California spends nearly twice as much per prisoner as most other states in the U.S. California’s overcrowded prisons should have their populations reduced to normal capacities, not by allowing thousands of inmates to pour back out onto the streets before they’ve served their sentences, but by exporting prisoners to far less expensive private facilities located outside California. Another way to reduce California’s prison expenditures would be through thoughtful revisions to sentencing guidelines. Currently nonviolent offenders are often forced to reside in expensive prison facilities, when more appropriate rehabilitation facilities would not only cost less, but offer programs to better help inmates overcome substance addictions, and learn marketable job skills. These reforms could probably save California’s taxpayers several billion per year.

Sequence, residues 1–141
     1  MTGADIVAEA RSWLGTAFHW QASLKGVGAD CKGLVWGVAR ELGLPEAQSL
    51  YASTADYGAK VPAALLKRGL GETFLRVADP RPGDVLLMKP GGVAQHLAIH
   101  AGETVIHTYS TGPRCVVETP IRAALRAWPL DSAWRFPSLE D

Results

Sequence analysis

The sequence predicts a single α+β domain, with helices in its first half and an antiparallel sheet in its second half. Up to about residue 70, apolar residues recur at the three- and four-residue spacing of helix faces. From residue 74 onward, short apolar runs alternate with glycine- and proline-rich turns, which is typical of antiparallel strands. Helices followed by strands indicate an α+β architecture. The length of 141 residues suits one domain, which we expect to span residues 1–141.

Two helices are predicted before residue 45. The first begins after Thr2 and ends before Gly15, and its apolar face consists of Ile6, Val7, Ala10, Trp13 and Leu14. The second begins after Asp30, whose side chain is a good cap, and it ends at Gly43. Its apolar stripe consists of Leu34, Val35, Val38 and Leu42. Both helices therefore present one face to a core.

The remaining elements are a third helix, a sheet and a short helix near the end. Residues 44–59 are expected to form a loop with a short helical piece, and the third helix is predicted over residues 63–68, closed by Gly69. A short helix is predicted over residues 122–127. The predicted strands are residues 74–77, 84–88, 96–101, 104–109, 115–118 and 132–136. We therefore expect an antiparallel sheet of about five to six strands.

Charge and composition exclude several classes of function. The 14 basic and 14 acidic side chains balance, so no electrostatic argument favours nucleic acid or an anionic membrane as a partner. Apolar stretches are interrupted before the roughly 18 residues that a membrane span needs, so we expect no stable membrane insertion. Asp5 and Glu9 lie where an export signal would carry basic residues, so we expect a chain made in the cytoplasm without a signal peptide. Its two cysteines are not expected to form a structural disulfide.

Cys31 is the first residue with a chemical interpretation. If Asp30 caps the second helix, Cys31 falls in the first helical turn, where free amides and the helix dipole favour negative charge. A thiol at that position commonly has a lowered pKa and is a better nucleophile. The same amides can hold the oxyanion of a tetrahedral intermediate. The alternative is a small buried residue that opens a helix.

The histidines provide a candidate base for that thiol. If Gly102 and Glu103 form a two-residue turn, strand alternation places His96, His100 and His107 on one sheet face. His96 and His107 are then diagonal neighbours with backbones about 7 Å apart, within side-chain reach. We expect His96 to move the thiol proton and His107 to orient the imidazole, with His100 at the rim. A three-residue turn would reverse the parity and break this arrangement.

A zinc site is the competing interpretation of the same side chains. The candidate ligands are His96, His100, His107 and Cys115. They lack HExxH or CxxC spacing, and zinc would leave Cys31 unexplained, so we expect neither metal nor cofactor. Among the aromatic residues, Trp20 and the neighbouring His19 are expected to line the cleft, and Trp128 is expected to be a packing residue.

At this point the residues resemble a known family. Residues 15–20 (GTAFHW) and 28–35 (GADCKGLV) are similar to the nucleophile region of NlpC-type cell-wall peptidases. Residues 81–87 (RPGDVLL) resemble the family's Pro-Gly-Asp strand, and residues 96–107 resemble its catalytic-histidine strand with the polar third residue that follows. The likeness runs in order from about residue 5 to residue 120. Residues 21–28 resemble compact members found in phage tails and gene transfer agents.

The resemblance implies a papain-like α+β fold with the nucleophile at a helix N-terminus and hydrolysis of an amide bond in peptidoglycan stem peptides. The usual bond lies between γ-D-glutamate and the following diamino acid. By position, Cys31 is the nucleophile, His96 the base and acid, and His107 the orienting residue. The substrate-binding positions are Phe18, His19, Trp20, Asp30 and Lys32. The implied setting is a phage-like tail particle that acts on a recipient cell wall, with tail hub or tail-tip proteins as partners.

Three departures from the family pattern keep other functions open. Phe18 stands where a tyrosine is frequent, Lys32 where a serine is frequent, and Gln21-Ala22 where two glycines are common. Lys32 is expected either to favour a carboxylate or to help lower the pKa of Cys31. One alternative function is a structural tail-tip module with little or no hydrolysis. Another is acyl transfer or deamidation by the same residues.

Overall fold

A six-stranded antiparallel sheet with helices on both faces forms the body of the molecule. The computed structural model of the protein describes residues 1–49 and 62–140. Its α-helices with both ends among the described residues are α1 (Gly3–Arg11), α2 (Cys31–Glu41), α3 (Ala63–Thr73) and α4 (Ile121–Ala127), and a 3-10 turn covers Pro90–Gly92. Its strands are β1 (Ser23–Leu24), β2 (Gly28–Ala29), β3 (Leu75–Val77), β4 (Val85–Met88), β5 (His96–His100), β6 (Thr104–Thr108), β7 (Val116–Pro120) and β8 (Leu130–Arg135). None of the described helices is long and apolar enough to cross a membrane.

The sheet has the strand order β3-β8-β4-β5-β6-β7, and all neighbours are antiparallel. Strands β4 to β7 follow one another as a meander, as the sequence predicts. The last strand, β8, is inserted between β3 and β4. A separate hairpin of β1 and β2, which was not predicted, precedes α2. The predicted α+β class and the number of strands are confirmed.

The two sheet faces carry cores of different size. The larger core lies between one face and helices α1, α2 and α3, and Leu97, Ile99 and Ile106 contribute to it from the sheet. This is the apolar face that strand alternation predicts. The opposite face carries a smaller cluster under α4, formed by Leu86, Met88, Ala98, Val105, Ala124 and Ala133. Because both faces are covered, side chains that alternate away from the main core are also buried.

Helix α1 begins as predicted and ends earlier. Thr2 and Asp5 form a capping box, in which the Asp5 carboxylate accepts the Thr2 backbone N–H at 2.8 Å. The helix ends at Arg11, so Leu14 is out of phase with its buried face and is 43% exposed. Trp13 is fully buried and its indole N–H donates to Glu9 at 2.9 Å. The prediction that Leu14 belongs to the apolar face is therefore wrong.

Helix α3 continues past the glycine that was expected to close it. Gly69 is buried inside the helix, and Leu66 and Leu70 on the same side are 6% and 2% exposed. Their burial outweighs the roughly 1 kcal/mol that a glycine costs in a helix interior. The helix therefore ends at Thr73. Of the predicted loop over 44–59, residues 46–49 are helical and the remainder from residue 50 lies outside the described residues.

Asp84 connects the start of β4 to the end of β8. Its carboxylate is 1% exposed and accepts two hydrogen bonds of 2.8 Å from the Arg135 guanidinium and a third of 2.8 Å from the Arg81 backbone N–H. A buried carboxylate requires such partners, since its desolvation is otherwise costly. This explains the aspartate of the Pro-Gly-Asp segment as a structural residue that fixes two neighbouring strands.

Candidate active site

K-12 and Higher Education:
In Governor Brown’s proposal, California’s budget for K-12 and higher education consumes more money, $46 billion, than all other state programs combined. How can these costs be cut, while maintaining or even improving the quality of education? First of all, instead of putting a measure to maintain tax increases onto California’s ballot, Governor Brown should propose to place a measure on the ballot that will repeal Prop. 98. This citizens initiative, passed in 1988, entitled the “Classroom Instructional Improvement and Accountability Act,” amended the California Constitution to mandate a minimum level of education spending. But how much money is spent on education obscures whether or not California’s public education system is being managed to optimize educational outcomes. Here are some ways to reduce spending on education while improving the quality of public education at the same time: